The Tower June 29, 2009Posted by Mark Folse in literature, New Orleans, Toulouse Street.
Tags: azarnoush, Iran, Iran Election, iranbaan, Jorge Luis Borges, persiankiwi, Salman Rushdie, The Tower
by Jorge Luis Borges
In a deserted place in Iran there is a not very tall stone tower that has neither door nor window. In the only room (with a dirt floor and shaped like a circle) there is a wooden table and a bench. In that circular cell, a man who looks like me is writing in letters I cannot understand a long poem about a man who in another circular cell is writing a poem about a man who in another circular cell
. . . The process never ends and no one will be able to read what the prisoners write.
Translated, from the Spanish, by Suzanne Jill Levine.
This appeared today in the Poetry & Fiction RSS feed from The New Yorker. I’ve thought about Iran a lot lately–remembering our own fascination with the original revolution as young journalism students, watching students (radical Islamist students, yes, but our peers) take over the embassy and a country. Our views were naive, the views of students, of the young: the Shah was one of the creatures of the CIA, so whatever overthrew him must be an improvement.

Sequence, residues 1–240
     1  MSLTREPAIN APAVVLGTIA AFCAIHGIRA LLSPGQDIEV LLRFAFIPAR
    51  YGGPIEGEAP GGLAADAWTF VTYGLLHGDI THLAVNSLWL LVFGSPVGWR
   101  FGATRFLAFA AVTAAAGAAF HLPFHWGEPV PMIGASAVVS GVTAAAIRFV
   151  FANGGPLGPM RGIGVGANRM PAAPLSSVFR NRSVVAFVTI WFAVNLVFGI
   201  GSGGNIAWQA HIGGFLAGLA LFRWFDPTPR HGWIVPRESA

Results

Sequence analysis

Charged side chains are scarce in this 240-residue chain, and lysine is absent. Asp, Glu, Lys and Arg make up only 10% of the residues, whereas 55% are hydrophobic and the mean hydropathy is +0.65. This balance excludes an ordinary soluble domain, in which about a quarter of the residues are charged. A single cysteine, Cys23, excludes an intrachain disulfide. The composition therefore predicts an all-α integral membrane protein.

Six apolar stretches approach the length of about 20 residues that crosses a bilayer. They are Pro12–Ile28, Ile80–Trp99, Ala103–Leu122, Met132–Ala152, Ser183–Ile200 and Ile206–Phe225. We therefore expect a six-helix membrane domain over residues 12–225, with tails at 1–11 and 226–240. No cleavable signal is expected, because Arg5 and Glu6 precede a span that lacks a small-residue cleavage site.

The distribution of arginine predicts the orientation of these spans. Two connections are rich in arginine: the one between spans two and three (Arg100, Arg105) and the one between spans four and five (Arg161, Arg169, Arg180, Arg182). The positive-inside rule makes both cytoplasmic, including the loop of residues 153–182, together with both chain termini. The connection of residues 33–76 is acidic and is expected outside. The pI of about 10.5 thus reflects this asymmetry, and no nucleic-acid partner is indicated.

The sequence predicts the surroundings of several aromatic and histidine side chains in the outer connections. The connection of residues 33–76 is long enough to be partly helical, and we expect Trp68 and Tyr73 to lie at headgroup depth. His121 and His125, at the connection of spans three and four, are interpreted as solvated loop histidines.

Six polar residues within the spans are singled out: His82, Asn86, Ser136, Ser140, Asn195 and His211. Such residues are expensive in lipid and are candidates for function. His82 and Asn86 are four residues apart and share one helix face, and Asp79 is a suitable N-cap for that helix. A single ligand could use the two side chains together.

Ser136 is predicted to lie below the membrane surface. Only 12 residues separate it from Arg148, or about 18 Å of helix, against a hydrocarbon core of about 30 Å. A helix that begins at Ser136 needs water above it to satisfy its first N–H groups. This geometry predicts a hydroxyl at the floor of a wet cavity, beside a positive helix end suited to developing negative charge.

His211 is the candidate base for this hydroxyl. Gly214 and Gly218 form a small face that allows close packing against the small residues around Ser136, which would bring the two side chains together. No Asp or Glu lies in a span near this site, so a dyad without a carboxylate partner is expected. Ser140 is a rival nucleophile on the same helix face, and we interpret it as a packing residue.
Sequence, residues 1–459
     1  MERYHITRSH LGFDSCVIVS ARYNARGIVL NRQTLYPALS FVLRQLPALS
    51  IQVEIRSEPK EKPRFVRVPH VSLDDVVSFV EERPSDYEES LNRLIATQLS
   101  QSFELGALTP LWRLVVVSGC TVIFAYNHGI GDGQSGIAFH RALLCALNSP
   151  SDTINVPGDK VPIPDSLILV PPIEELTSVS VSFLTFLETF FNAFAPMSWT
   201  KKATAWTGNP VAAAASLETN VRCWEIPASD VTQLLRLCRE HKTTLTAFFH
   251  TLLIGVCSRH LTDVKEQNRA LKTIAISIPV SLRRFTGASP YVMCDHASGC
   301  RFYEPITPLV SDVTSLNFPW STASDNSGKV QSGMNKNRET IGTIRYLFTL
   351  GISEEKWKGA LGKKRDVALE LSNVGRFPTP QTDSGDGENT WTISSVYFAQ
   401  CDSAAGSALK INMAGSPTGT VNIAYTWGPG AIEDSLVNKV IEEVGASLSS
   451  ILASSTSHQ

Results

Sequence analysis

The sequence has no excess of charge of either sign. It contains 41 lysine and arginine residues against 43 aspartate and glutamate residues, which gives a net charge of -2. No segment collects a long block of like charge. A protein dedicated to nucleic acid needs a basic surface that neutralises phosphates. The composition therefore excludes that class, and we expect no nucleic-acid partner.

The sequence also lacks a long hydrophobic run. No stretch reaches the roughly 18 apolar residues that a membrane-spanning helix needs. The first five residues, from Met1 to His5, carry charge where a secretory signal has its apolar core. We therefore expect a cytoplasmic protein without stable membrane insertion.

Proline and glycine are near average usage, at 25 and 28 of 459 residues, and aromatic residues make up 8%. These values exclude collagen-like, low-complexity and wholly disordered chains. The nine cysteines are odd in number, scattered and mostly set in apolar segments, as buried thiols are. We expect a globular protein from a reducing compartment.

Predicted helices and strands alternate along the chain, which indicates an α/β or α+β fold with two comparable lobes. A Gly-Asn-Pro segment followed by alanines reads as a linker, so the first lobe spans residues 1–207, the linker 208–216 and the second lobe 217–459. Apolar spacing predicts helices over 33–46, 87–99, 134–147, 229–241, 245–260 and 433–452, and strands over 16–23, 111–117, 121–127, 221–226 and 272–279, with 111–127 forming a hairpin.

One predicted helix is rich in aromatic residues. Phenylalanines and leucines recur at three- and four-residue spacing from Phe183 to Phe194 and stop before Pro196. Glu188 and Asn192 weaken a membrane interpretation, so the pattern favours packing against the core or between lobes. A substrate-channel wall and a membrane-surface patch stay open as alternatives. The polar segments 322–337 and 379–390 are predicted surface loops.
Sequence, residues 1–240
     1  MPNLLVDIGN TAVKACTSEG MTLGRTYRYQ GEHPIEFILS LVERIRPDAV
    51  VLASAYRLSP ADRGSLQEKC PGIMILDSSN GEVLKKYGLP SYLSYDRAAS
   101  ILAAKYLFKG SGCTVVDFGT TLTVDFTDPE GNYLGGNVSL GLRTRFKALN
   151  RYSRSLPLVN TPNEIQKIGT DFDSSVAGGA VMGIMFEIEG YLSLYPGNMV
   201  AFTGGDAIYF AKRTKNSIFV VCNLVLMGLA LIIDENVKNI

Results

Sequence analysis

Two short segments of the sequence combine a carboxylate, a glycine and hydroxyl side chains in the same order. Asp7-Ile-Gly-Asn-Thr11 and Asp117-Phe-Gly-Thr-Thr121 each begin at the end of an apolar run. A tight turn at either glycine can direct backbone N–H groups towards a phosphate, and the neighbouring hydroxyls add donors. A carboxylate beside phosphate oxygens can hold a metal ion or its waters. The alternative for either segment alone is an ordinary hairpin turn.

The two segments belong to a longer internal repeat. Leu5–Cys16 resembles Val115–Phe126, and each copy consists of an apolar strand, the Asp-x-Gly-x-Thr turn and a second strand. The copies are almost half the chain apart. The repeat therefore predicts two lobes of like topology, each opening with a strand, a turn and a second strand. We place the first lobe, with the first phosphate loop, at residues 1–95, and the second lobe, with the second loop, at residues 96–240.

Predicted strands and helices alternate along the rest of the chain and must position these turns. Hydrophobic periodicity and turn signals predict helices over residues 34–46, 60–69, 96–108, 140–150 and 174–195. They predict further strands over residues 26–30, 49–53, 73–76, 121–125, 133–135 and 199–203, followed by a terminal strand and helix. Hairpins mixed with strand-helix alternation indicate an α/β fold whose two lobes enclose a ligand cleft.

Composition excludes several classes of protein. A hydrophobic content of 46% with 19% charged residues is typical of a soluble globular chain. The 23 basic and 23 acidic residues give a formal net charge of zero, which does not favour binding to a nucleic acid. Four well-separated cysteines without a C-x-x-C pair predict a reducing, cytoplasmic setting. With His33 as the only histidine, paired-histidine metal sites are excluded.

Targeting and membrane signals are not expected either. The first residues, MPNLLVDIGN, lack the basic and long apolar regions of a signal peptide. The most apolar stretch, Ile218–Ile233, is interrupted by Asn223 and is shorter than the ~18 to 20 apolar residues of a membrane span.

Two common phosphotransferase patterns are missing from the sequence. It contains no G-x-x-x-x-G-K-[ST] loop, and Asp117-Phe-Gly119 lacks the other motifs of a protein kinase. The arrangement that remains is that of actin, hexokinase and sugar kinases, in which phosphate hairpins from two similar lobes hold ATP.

I now follow a handful of on-the-ground activists on Twitter, remembering my foolish and simplistic view of the world in 1979 and recall that Mousavi endorsed the fatwa against Salman Rushdie. And still the resistance of the young people of that country to an oppressive culture is an amazing thing to watch. They shout “Allah o Akbar” from the rooftops, taking and tossing back the cry of the original Islamic Revolution into the face of the mullahs as if throwing back a tear gas grenade.
Twitter and Facebook and all the rest are just conduits for words. Believe in the transformative power of words.